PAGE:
First-generation owners may well now be ready for an upgrade to the next iteration of the device, and the latest version could have several notable improvements.
This most likely is the inclusion of a the same fingerprint scanner found in the iPhone 5S, to add security and time-saving benefits, and an improved camera.
No doubt Apple’s crafty engineers will also have found a way to shave off more weight and thickness from the device too, as they did with last year’s iPad Air, and who knows, perhaps they’ll even brand it the iPad Mini Air.
4. Lenovo ThinkPad 8
While 2013 saw an influx of new 10in and 12in Windows 8 tablets, the small form factor space continues to be dominated by Apple and Google, with their respective iPad Mini and Nexus 7 devices.
This is sad as 7in and 8in tablets are actually very useful. Being small and light the tablets are ideal productivity aids for people who regularly travel or are constantly on the move. Because of this we were very happy when the Chinese PC maker chose to rectify the situation, unveiling its brand new ThinkPad 8 at CES 2014.
Featuring an 8.3in 1920×1200 full HD screen, powerful Intel Z3770 quad-core 2.4GHz Bay Trail processor and boasting all the inherent enterprise benefits of Microsoft’s Windows 8 Pro, the ThinkPad 8 has the potential to be one of 2014′s best tiny tablets.
3. Galaxy Note Pro 12.2in
Korean tech heavyweight Samsung has been edging its way into the enterprise space for the past year. But so far the shift has been software based, with Samsung limiting itself to releasing tools such as its Knox security service.
At CES 2014 this all changed when Samsung unveiled its Galaxy Tab Pro and Note Pro series of devices.
Both the Note Pro and standard Pro tablets come in a variety of size options, ranging between 8in to 12in. For us the 12.2in Note Pro is the most interesting.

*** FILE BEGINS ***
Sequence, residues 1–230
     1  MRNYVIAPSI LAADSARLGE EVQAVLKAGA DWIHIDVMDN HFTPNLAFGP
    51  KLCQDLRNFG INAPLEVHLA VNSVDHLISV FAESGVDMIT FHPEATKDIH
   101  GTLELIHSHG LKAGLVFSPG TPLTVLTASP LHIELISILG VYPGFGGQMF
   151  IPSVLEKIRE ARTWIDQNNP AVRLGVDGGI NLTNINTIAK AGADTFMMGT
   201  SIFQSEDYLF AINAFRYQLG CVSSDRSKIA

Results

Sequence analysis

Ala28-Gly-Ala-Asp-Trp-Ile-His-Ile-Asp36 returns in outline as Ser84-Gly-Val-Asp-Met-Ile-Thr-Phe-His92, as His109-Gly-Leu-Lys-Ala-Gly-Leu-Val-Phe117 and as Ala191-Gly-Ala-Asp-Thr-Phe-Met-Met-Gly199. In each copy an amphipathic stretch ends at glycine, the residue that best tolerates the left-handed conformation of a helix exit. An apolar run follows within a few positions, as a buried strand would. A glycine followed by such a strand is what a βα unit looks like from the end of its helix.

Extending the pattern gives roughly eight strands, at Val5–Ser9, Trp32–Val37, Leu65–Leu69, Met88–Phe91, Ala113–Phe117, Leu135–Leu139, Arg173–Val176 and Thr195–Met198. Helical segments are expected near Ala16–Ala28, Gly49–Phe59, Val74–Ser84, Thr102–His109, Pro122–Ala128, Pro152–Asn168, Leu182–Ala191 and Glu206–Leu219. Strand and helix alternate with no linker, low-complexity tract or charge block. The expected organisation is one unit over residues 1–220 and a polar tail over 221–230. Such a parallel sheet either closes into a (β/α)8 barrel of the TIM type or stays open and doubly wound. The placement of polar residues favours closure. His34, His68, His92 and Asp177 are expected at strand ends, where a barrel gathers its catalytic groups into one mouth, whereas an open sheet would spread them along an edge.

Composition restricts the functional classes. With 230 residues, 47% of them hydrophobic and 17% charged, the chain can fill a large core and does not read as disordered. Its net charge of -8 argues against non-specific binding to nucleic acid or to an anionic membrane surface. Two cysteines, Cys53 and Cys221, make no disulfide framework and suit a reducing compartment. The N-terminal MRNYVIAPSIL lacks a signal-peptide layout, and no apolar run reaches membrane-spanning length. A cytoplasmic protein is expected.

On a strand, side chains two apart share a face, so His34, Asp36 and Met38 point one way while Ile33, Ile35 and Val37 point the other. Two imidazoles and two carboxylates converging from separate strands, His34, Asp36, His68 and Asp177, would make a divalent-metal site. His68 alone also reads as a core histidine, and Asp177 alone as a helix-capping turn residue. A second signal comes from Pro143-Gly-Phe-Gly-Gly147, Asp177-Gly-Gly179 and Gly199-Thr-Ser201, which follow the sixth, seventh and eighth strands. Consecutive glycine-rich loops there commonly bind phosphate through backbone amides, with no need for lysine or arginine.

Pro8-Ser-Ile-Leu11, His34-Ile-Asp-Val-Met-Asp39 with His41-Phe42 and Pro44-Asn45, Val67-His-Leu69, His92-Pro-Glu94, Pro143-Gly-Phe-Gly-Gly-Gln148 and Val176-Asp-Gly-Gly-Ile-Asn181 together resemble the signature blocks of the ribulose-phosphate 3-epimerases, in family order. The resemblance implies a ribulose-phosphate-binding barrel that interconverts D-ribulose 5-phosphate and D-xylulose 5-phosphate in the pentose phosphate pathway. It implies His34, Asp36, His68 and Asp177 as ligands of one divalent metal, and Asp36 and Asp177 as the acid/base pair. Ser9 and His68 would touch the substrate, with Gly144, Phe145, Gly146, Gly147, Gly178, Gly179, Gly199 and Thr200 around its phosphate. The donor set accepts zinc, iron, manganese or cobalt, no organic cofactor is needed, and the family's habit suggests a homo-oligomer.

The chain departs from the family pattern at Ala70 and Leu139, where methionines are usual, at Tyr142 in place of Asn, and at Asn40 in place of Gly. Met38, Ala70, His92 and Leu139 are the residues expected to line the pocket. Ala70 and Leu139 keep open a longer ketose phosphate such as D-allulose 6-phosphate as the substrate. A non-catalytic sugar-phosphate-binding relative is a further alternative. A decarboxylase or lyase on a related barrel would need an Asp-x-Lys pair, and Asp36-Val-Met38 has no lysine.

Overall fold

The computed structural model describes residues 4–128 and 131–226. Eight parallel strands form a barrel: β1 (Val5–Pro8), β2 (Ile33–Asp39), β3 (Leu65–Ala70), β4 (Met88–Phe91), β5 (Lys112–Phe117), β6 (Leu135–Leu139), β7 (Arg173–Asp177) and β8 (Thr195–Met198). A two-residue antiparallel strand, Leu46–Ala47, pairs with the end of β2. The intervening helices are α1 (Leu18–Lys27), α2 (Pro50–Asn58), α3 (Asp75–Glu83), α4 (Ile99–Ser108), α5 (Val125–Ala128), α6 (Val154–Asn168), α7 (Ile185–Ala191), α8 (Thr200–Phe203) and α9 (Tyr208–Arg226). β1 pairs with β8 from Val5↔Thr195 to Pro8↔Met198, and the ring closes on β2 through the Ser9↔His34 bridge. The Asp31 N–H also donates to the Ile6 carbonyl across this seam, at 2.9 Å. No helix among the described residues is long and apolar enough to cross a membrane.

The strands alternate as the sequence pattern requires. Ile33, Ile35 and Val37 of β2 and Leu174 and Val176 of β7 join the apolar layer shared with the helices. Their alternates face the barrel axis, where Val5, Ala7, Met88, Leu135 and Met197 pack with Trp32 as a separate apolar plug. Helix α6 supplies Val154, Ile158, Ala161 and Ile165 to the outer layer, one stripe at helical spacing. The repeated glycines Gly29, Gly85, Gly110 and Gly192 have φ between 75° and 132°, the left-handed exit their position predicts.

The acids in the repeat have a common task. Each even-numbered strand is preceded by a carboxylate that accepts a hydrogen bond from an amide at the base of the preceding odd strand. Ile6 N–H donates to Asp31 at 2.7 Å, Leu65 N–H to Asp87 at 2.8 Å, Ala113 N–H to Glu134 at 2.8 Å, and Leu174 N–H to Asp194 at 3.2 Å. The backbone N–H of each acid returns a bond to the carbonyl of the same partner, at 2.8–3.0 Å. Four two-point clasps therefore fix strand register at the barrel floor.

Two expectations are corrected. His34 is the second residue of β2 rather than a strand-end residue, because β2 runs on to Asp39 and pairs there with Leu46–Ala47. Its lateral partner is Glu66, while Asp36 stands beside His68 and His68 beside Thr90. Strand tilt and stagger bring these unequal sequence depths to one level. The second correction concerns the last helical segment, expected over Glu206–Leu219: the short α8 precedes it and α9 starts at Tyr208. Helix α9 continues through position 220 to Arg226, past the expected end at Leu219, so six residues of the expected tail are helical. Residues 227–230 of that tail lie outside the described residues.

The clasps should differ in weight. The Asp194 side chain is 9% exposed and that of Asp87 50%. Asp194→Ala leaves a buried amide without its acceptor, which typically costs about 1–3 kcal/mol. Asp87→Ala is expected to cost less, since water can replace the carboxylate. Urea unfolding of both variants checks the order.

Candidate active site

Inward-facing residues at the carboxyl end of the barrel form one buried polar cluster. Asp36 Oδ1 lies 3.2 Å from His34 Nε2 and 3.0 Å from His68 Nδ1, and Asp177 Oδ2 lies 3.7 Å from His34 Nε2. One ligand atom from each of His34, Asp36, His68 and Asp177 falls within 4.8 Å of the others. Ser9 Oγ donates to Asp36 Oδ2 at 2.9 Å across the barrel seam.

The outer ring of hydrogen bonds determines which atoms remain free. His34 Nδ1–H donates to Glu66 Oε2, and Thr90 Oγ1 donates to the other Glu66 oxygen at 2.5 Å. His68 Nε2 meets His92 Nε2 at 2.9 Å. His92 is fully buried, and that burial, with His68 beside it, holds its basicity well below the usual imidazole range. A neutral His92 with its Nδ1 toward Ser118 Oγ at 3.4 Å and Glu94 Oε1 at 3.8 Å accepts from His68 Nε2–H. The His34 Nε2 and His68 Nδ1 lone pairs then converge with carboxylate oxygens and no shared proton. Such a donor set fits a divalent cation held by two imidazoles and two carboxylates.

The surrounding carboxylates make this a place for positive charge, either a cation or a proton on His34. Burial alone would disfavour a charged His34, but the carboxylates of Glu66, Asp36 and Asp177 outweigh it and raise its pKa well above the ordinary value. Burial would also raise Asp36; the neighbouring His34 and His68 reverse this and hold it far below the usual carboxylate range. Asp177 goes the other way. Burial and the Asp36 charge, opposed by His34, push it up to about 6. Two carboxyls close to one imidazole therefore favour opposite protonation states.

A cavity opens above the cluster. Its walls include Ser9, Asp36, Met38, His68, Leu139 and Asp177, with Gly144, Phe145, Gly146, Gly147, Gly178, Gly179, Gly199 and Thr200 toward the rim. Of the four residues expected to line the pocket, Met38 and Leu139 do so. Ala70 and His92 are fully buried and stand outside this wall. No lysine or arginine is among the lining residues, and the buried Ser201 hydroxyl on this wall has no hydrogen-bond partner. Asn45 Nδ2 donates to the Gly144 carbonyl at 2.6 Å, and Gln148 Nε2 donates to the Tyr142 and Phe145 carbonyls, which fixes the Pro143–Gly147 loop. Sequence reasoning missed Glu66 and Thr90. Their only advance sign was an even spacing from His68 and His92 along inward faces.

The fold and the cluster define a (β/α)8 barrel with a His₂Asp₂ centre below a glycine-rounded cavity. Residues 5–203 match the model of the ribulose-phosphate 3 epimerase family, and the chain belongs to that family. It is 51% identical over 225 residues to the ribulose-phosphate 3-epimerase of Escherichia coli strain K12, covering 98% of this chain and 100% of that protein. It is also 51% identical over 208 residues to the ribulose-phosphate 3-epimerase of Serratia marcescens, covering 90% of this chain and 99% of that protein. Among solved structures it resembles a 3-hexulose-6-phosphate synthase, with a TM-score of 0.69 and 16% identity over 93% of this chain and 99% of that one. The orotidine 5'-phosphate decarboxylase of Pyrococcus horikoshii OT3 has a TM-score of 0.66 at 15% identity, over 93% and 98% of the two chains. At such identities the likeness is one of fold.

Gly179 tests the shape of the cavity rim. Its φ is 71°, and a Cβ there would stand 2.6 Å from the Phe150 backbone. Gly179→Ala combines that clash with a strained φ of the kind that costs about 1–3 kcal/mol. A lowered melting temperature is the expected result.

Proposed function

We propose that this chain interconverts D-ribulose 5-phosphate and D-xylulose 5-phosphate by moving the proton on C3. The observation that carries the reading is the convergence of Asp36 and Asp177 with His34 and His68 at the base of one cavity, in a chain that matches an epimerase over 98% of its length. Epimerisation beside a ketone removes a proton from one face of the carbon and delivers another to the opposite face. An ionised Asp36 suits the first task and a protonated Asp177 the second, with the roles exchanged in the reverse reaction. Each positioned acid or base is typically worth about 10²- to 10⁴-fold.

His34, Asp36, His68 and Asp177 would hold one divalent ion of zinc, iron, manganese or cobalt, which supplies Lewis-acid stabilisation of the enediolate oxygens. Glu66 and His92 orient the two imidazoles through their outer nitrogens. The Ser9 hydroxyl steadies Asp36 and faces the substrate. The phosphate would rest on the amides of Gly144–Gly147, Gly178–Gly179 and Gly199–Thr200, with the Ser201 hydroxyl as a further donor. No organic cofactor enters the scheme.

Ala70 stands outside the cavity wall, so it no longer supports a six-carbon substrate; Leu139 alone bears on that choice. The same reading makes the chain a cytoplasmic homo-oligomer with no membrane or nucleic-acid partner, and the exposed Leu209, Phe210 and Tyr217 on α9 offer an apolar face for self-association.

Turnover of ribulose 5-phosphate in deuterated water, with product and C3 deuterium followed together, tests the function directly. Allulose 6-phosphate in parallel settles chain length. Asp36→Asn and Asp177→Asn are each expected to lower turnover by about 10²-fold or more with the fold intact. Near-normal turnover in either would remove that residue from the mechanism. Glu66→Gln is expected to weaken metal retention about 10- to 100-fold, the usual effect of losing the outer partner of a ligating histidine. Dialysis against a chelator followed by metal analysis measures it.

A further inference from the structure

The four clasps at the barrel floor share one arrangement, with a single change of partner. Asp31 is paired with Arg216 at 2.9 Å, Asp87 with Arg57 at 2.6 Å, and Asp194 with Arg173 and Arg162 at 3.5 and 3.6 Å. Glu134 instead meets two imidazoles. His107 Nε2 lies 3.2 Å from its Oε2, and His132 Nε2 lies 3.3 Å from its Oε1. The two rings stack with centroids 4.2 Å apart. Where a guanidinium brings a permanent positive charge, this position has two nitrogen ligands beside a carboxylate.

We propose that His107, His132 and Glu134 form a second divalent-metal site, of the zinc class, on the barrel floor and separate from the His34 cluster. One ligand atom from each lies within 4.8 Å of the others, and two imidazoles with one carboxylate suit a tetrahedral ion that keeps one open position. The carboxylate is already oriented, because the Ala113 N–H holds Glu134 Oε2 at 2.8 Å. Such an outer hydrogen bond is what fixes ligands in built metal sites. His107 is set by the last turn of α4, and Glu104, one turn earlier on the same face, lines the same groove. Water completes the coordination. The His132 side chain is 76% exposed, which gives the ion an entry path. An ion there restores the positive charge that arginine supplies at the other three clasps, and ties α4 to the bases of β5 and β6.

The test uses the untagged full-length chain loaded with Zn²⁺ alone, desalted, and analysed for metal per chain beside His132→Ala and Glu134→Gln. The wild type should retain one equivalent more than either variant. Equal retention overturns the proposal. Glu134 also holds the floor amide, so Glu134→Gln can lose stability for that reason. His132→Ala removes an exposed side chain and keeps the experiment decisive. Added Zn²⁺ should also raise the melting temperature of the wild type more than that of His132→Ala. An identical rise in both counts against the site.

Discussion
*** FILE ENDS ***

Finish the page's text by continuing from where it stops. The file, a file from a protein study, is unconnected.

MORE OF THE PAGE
Featuring a 12.2in 2560×1600 resolution display, productivity-focused Magazine UX Android skin, Knox security and a dockable S Pen stylus, we can see the Note Pro appealing to a variety of businesses.
2. Google Nexus 7, 8 and 10
Google’s Nexus 7 has been rather all-conquering in the 7in device space in the past 18 months, boasting market-leading specifications at close to budget prices. A sharp, HD screen coupled with a powerful processor and light-yet-strong build quality has made it something to behold.
But 2014 could be different, with rumours swirling around a potential up-sized 8in device running an Intel chipset. The speculation isn’t particularly solid, but was fuelled by an accidentally leaked promotional image of an 8in-looking device appearing last year.
The Google Nexus 8 would be an interesting addition to Google’s Nexus fleet, filling space where other firms such as Lenovo and and Dell have already ventured.
Meanwhile, the Nexus 10 is definitely showing its age, so we’re sure a new Nexus 10, probably called the Nexus 10 2, will be launched this year. From the fleeting rumours currently circulating, we’re looking at a sleeker 10.1in device with an identical display to its predecessor. Weight and design will be key here, as its rivals have already demonstrated. Plus, if the device wants to have credentials beyond media consumption, an optional keyboard and built-in stylus certainly wouldn’t go amiss.
1. iPad Air 2
Last year Apple released what we think is its most innovative and interesting iPad to date, the iPad Air. The Air features a number of great features, chief of which is its new design. Apple worked to give the iPad Air the same visual allure as its Macbook Air laptop, designing it to be as thin and light as possible. As a result the iPad Air is 20 percent thinner than the iPad 4, measuring in at 7.5mm thick, and is a staggering 180g lighter.
As if this wasn’t enough, Apple somehow managed to fit a host of top-end tech into the iPad Air’s tiny chassis, loading it with a cutting-edge 64-bit A7 processor and cornea-bustingly bright 9.7in with a 2048×1536 Retina display.
Even though we can’t see how Apple could physically improve the iPad Air – considering its track record of releasing a new tablet every year – we can’t help but salivate at the idea of getting our hands on an upgraded version, and no doubt many more around the world are thinking the same.